Queen Elizabeth has managed to make tea time a magical moment, her special witch hour where, accompanied by cakes, illustrious guests and her beloved corgis, anything can happen. The new monarchs have inherited the habit and the tea ceremony, but they experience it as something more intimate. It is his particular haven of love. Noiseless and without the hot flashes of your schedules. Enjoy a cup of tea together -Queen Camilla admits- it’s as fascinating as sharing a moment of reading, very close to each other.
The image seems very peaceful, but achieving it requires a lot of commitment from the staff serving you. The tastes of Carlos III, a man who demands that his shoelaces be ironed and his towels placed in a certain position, are capricious. Unsurprisingly, staff at Clarence House dubbed him the spoiled prince And as for the tea, it was not going to be less. His favorite is darjeeling, a variety of black tea with a floral aroma grown at the foot of the Himalayas and considered the champagne of tea.
The tea ritual
When he turned 70, the British king stopped eating lunch and replaced food with several cups of tea with a little milk and a pinch of organic honey which must be added before pouring the infusion. According to chef Evan Samson, the butler should serve the infusion in a teapot using one teaspoon of the leaves per cup. The water must be at 100 C. At 70 C if you choose green tea. To make sure, the temperature is measured with a thermometer. Black tea is steeped for five minutes, while green tea is ready in three. The cup is in Chinese porcelain and the handle is always on the right. The teaspoon, just below. He and his wife take it in small sips, as does Elizabeth II.
This snack, rich in polyphenols and with abundant qualities for your health, is not the only custom that portends a long reign. They have made the pantry the soul of their home. King Carlos is an avid gardener, a hobby he shares with his wife, and each of his residences has your own garden which provides them with organic fruits and vegetables.
the king’s farm
At Highgrove House, the 18th century country house he bought in 1980, he has carved out his own paradise. It has a pavilion for beehives which produce honey, a house for chickens and a corral for other animals. The orchard, in which The use of chemical fertilizers is prohibited. fill the royal couple’s pantry with different crops. Among them, a wide variety of native apples stands out. Even the eggs – which Camilla loves scrambled – come from Highgrove.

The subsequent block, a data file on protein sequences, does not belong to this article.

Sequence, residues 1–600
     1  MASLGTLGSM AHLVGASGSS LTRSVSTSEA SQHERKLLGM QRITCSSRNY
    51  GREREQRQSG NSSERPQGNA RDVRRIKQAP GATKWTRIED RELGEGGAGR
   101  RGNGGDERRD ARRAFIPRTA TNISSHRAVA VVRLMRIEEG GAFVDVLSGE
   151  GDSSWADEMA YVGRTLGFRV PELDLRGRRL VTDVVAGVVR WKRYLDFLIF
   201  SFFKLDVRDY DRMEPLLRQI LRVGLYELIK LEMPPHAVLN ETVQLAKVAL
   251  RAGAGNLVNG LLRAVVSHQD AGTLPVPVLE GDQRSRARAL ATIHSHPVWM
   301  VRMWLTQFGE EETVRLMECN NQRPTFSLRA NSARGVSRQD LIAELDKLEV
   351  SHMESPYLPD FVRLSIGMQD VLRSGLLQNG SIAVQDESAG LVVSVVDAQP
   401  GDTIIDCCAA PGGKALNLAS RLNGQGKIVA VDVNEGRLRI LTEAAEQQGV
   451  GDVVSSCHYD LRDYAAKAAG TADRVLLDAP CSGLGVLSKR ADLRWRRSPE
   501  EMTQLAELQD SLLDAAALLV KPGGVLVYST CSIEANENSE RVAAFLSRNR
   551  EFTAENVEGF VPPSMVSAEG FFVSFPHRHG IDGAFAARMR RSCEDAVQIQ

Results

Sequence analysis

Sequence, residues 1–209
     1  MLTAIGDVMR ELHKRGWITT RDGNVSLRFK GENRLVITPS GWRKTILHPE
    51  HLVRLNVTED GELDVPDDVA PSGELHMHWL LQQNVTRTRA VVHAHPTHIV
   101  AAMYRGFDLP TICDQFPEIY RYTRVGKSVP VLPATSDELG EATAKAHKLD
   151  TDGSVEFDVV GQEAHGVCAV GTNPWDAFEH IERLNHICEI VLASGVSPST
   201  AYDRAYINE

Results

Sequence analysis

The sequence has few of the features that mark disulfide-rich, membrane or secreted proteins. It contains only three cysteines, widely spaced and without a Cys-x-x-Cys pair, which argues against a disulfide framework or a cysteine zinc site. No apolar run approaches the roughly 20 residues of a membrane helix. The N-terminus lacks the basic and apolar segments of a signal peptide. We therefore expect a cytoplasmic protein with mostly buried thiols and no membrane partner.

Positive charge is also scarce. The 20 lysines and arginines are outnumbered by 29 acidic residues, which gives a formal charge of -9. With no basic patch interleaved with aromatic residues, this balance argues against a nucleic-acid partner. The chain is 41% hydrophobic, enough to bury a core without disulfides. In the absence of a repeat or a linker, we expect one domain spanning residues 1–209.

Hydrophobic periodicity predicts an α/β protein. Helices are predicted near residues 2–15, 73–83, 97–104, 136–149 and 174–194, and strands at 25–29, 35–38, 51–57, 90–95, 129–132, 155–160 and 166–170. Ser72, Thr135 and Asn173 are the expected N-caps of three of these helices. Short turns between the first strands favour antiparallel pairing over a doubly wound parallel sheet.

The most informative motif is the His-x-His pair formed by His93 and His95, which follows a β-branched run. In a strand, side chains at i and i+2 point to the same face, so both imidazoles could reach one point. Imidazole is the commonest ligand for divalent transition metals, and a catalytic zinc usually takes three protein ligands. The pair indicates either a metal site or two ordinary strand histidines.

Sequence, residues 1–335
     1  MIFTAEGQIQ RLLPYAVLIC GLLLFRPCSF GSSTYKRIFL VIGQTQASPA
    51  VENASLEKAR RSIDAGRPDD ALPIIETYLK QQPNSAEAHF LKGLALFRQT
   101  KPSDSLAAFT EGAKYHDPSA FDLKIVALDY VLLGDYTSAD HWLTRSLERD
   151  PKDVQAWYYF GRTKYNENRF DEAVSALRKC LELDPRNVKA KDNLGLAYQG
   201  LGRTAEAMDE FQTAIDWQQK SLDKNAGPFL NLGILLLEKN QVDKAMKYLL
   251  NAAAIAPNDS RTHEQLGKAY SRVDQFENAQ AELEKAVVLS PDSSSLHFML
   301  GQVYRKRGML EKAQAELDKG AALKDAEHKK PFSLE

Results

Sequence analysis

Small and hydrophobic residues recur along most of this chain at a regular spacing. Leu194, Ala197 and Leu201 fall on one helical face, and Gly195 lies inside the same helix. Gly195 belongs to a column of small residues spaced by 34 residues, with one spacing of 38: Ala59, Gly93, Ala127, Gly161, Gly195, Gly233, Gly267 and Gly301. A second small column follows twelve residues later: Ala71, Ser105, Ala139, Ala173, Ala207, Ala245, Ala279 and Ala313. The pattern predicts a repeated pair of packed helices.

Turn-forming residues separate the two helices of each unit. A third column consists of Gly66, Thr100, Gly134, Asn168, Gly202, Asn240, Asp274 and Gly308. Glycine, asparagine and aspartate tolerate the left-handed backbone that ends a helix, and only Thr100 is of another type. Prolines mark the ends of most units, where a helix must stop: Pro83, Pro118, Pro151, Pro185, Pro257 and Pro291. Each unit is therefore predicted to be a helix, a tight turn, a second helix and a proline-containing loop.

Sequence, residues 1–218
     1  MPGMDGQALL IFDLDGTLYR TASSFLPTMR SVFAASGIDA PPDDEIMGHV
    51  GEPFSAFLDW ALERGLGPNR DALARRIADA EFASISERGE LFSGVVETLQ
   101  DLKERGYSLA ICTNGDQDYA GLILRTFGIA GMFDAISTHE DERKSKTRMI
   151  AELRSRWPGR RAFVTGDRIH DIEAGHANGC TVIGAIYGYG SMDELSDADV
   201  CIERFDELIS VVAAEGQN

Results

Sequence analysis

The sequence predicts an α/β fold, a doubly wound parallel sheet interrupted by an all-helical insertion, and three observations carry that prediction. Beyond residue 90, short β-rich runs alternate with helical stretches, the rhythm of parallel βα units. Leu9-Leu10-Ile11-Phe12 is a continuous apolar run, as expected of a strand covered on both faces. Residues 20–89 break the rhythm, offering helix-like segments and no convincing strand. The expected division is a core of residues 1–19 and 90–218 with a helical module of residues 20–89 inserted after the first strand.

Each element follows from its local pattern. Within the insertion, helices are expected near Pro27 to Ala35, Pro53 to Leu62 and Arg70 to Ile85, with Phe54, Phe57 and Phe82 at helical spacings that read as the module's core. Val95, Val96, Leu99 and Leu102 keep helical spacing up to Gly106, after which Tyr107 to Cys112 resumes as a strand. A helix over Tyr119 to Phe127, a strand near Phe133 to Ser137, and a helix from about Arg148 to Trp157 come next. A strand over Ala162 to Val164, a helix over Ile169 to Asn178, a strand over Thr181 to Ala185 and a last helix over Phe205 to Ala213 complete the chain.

Also at their London home, Clarence House, they have a colorful orchard with tomatoes, currants, pumpkins, beans or kumquat, Also called Chinese orange. The bountiful harvest allows them to freeze and even sell some of their produce through various outlets. Carlos III takes every opportunity to spread the benefits of healthy eating and reducing the carbon footprint of each individual through food. At least two days a week, he doesn’t taste meat or fish. He also doesn’t eat dairy one day a week.
The gardener is part of the family life of this couple and we imagine the king with gloves, but not with an apron. He never mentioned his culinary skills. The Queen, however, said she cooks her own vegetables. They like kale, broccoli, carrots, zucchini, peas and beans. These are eaten on toast covered with butter. He also prepares fish en papillote with fine herbs.
An interview with their son Tom Parker Bowles, a food writer and critic, revealed many of these habits and clarified that, being able to sit at the tables of the world’s most exquisite restaurants and chefs, Carlos and Camilla prefer the cooking at home. And the simpler the dishes, the better.
The queen learned some cooking skills from her mother, although she never followed a recipe exactly. When her children were small, on Sundays she prepared a barbecue for the family. Tom also confessed that more than once the baked potatoes ended up charring due to his distraction. If he decides to write a cookbook, he says it won’t be about recipes, but about his culinary disasters.
And when it’s time for dessert…
What they avoid are exotic foods and certain strong condiments, such as chilli, curry and garlic. The queen prefers not to overdo it with sweets, but her preferences are very definite: dark chocolate ice cream and strawberries with abundant cream. His specialty when preparing desserts is victorian cake, a classic for the British that is characterized by its filling of jam, berries or sweet cream. She usually replaces it with cream. Sometimes chocolate and sometimes lemon.
They released their reign after 70 years and it is evident that they do so in excellent physical and mental condition. They found your best ally in a balanced and quality diet which, by the way, helps them fall asleep and support their multiple commitments. They can take a supplement, such as marine collagen, which is beneficial for joints and skin and effective in fighting aging.